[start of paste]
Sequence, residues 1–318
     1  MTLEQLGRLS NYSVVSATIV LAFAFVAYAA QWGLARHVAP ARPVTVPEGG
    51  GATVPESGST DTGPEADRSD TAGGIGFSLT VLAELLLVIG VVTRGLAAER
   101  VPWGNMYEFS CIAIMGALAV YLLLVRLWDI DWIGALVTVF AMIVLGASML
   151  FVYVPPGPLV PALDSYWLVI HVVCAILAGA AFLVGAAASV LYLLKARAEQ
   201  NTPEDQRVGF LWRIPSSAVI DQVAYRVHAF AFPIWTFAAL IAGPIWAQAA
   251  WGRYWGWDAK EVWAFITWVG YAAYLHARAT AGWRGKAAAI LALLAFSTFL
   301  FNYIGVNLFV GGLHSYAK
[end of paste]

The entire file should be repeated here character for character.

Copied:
Sequence, residues 1–318
     1  MTLEQLGRLS NYSVVSATIV LAFAFVAYAA QWGLARHVAP ARPVTVPEGG
    51  GATVPESGST DTGPEADRSD TAGGIGFSLT VLAELLLVIG VVTRGLAAER
   101  VPWGNMYEFS CIAIMGALAV YLLLVRLWDI DWIGALVTVF AMIVLGASML
   151  FVYVPPGPLV PALDSYWLVI HVVCAILAGA AFLVGAAASV LYLLKARAEQ
   201  NTPEDQRVGF LWRIPSSAVI DQVAYRVHAF AFPIWTFAAL IAGPIWAQAA
   251  WGRYWGWDAK EVWAFITWVG YAAYLHARAT AGWRGKAAAI LALLAFSTFL
   301  FNYIGVNLFV GGLHSYAK